In this charter we are stating those rights to which our patients are entitled and the standard of care they can expect to receive from the practice.
The practice team strives to provide high quality patient care based on carefully evaluated and monitored ethical practices and professional standards. We strive to ensure co-ordination of services with good communication in the practice and in liaison with hospitals and other associated agencies. We seek to ensure patient safety at all times in a relaxed and comfortable environment. We seek to ensure that patients and their carers are welcomed in a courteous and considerate manner, respecting privacy and maintaining confidentiality at all times.
The practice accepts the patients’ rights to:
*An administration charge will be made. Certain details may be withheld if your GP believes this is in your best interests. You will be told if this is the case.
Where possible, a clinician must be satisfied that a patient understands and consents to a proposed treatment, immunisation or investigation. This will include the nature, purpose, and risks of the procedure, if necessary by the use of drawings, interpreters, videos or other means to ensure that the patient understands, and has enough information to give ‘Informed Consent’.
Everyone aged 16 or more is presumed to be competent to give consent for themselves, unless the opposite is demonstrated. If a child under the age of 16 has “sufficient understanding and intelligence to enable him/her to understand fully what is proposed” (known as Gillick Competence), then he/she will be competent to give consent for him/herself. Young people aged 16 and 17, and legally ‘competent’ younger children, may therefore sign a Consent Form for themselves, but may like a parent to countersign as well. For children under 16 (except for those who have Gillick Competence as noted above), someone with parental responsibility should give consent on the child’s behalf by signing accordingly on the Consent Form.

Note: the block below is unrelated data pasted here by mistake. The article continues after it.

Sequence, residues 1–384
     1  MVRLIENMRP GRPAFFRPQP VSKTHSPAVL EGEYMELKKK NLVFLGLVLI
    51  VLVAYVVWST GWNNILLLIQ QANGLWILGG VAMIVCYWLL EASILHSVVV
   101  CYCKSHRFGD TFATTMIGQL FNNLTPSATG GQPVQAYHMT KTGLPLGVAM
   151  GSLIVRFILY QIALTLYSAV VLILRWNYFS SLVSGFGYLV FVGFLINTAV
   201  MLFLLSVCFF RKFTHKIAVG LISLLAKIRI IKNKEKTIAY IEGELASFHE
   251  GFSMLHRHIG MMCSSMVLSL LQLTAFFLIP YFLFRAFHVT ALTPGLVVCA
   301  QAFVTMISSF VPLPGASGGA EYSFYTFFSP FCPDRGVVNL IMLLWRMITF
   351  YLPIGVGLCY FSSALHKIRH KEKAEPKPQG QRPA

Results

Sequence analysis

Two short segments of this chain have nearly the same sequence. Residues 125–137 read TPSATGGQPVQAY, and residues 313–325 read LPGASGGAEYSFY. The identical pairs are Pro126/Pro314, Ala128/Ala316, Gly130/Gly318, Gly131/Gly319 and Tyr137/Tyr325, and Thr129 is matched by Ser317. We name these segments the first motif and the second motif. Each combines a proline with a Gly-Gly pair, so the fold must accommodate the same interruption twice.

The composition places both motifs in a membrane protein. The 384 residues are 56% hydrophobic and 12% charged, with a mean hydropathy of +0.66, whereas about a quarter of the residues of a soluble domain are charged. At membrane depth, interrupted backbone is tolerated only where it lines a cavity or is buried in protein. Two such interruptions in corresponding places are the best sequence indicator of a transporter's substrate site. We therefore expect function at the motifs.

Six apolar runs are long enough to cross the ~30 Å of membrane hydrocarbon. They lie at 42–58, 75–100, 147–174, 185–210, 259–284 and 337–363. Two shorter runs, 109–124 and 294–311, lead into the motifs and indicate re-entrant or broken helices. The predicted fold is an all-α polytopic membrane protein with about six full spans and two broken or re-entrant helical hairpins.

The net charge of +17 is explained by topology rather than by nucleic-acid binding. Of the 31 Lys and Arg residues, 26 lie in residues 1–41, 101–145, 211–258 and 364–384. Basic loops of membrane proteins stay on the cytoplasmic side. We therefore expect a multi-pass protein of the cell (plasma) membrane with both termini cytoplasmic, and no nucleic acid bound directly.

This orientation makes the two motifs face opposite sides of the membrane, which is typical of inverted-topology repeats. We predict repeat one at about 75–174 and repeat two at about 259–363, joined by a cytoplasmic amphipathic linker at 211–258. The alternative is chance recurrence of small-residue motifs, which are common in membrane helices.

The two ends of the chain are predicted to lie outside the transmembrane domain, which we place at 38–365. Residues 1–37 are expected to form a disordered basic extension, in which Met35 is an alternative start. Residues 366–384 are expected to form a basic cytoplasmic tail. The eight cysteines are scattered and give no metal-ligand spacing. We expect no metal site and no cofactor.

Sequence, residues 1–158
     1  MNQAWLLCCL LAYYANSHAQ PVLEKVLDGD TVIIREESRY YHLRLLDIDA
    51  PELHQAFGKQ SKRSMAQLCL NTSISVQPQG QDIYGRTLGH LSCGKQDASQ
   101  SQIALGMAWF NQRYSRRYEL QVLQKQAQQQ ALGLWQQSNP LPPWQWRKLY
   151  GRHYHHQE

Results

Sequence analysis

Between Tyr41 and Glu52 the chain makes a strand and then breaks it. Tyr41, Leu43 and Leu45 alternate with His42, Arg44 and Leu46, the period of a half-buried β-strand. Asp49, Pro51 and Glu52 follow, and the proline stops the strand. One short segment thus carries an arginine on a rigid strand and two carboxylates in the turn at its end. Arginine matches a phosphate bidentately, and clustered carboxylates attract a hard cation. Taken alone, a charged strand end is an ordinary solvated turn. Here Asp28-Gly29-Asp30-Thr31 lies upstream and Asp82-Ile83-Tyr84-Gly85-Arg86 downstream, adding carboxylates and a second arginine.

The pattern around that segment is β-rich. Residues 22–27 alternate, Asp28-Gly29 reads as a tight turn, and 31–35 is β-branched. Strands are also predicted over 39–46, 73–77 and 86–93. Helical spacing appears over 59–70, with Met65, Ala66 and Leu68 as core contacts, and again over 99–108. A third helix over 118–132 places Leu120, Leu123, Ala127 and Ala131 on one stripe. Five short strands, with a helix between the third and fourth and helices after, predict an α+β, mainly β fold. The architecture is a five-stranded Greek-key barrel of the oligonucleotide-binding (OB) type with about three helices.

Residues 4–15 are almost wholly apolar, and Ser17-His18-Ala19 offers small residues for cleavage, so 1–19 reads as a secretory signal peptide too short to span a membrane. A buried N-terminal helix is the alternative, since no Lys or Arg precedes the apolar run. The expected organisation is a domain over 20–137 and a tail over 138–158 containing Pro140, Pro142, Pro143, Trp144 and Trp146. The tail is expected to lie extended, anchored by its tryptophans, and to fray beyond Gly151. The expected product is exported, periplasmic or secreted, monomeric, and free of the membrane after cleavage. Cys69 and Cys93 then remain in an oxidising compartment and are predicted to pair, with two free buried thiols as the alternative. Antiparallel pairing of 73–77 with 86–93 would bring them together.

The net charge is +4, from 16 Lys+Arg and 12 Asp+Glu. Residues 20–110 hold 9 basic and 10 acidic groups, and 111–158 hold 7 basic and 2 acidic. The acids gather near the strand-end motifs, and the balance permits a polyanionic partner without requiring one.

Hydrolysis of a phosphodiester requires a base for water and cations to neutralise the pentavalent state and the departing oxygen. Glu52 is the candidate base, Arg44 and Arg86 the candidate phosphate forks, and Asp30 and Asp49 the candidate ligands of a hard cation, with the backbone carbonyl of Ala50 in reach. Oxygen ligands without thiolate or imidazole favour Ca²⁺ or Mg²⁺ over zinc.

Chaperones can be used in consultations if needed. You should be offered a chaperone for any intimate examination (such as those of the breast, genitalia or rectum) but can decline. This should remove the potential for misunderstanding. However, there will still be times when either the clinician, or the patient, feels uncomfortable, and it would be appropriate to consider using a chaperone. Patients who request a chaperone should never be examined without a chaperone being present. If necessary, where a chaperone is not available, the consultation / examination should be rearranged for a mutually convenient time when a chaperone can be present.
We expect that:
We take seriously any threatening, abusive or violent behaviour against any of our staff or patients. If a patient is violent or abusive, they will be warned to stop their behaviour and may be asked to leave the practice premises. In extreme circumstances the police will be called. We may exercise our right to take action to have the person removed, immediately if necessary, from our list of patients.